I found an exciting lead in further searching. Will have to type it out because the site doesn't permit copy/paste:

    "The trial of ... Oliver North ... focused Congress' attention on an aspect of the Iran-Contra affair which had
    previously received scant attention: the Reagan administration's efforts to persuade foreign governments to assist
    the Nicaraguan Contras while the United States aid to the Contras was barred. Attempts in Congress ... to enact
    legislation prohibiting such foreign fundraising have raised the question of whether Congress has the constitutional
    power to stop the executive from engaging in what has been termed "tin cup" diplomacy.
    -Alex Whiting, The Yale Law Journal, Vol. 99, No. 8 (Jun, 1990), pp. 2043-2062

    As to the original context in which I encountered this: An article in the CSM discussing the (then) upcoming NATO summit in Chicago w.r.t. the future of the U.S. involvement in Afghanistan. The meeting was described by Heather Conley at the Center for Strategic and International Studies as "...something of a tin-cup exercise and should give us some idea of what the [NATO] coalition countries' post-2014 commitments to Afghanistan will look like."

    Thanks again for the repl(ies).

  5. #5
    5jj's Avatar
    5jj is offline VIP Member
    • Member Info
      • Member Type:
      • Retired English Teacher
      • Native Language:
      • British English
      • Home Country:
      • England
      • Current Location:
      • Czech Republic
    Join Date
    Oct 2010
    Posts
    28,167
    Post Thanks / Like

    Re: Tin-cup excercise?

    Quote Originally Posted by Van Veen View Post
    One objection I have is to the idea of "self-appointed experts." It strikes me that while usage, grammar and spelling are neither eternal nor immutable there are accepted norms. Hence the need for a site like this. It's no coincidence that your site requests that posters refrain from using chat-speak/text-speak/1337-speak et hoc genus omne.

    Do you maintain that these aforementioned accepted norms are put in place and maintained by "self-appointed experts?"
    Norms are what most people accept. I wrote of self-appointed experts who tell us what they think we should say and write. Nobody ordained that the third person present tense ending of lexical verbs should be -(e)s; that just happens to be what it is for the vast majority of speakers of English. So, in this forum, if somebody asks whether it is necessary to say "He works", we say that it is. However, if somebody asks if it is necessary to say "If John were here now, ..." most of us say that, while some purists insist that this is the only correct form, many native speakers happily use was. For me, anybody who claims that we should say were, and explains how the subjunctive should be used, is a self-appointed expert.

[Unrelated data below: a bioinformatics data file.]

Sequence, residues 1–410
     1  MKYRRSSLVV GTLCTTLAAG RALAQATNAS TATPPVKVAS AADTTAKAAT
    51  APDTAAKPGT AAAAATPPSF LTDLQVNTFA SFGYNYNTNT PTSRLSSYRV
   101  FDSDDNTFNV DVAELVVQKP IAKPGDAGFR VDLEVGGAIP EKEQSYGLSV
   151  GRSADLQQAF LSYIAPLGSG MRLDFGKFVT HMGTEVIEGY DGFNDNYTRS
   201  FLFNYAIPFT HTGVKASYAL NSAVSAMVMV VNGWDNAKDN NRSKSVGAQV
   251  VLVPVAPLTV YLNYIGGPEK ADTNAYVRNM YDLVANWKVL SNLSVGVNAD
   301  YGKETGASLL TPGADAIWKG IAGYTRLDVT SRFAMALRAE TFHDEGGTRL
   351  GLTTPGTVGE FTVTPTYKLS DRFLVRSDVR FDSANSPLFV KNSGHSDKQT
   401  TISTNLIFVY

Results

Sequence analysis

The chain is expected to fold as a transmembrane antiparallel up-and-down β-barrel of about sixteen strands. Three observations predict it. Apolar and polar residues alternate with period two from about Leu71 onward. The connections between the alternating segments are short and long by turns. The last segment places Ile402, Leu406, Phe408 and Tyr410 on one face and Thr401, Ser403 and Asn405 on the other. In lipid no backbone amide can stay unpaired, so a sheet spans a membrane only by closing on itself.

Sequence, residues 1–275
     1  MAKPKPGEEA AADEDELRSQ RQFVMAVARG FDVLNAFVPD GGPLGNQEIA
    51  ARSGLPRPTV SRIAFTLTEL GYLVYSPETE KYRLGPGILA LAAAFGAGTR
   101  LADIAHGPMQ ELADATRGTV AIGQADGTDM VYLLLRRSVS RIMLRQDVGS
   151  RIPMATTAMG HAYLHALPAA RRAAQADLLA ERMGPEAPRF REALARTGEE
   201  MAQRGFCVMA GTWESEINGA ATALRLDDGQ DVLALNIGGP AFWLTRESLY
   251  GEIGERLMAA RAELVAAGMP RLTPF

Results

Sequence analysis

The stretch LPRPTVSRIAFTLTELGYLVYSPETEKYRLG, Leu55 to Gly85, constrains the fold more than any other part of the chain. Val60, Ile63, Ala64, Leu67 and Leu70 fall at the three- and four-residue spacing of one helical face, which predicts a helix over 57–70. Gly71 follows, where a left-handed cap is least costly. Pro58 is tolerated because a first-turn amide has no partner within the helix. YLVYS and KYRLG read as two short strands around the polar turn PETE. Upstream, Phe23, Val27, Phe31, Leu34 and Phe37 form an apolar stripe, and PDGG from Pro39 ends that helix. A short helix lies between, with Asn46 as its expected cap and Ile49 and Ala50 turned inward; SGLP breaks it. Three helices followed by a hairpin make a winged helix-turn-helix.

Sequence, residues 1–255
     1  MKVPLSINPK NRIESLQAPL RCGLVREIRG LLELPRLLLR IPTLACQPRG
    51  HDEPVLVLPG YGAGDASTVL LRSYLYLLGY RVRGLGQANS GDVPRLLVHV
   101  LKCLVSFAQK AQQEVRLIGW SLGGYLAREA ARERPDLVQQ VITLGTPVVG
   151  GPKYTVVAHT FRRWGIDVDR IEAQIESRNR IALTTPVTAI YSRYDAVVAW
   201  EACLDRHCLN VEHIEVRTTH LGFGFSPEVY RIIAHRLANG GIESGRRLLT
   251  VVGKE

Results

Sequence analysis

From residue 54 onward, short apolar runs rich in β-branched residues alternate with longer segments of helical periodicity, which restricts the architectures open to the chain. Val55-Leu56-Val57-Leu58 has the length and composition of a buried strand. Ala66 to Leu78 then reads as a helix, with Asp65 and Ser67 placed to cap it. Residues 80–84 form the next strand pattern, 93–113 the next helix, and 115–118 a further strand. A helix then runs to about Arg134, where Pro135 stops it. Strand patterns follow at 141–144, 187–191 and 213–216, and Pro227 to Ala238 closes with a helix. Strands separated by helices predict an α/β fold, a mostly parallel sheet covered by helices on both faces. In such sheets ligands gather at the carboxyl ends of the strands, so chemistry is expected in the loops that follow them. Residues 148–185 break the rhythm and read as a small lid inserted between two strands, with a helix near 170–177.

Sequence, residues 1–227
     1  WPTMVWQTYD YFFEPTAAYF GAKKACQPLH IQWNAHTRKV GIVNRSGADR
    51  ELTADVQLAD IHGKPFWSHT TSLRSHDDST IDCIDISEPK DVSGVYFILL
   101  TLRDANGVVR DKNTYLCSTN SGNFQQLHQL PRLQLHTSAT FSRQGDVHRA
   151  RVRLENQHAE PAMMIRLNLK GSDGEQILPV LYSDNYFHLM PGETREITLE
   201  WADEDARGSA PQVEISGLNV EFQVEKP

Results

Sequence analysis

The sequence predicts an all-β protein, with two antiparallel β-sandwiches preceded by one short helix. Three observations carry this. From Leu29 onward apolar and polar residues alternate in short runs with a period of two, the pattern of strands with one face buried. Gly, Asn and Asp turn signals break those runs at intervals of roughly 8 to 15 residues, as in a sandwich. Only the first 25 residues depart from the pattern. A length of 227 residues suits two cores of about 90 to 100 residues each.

I have no objection to people who use 'fora' as the plural form of 'forum', as it happens, I do myself. I would object if anybody told me that only 'fora' is correct. IT is not; indeed it is a form almost certainly used by only a minority of native speakers.

  6. #6
    Van Veen is offline Newbie
    • Member Info
      • Member Type:
      • Interested in Language
      • Native Language:
      • English
      • Home Country:
      • United States
      • Current Location:
      • United States
    Join Date
    May 2012
    Posts
    6
    Post Thanks / Like

    Re: Tin-cup excercise?

    I remember trying to describe the subjunctive (and its history and the vagaries to which it has been subjected) to my roommate at university. He was an incredibly clever fellow and came up with a saying I still use to this day:

    "It was were once but it is was now"

    Cheers!

Similar Threads

  1. [General] straight from the tin / straight out the tin
    By vil in forum Ask a Teacher
    Replies: 2
    Last Post: 07-Sep-2011, 08:45
  2. Replies: 0
    Last Post: 04-Jun-2010, 16:27
  3. Excercise...help!
    By Silentium in forum General Language Discussions
    Replies: 3
    Last Post: 11-Jan-2006, 23:35
  4. Help : "tin gut"
    By Sophie_Yang in forum Ask a Teacher
    Replies: 1
    Last Post: 09-Aug-2005, 17:48

Posting Permissions

  • You may not post new threads
  • You may not post replies
  • You may not post attachments
  • You may not edit your posts
  •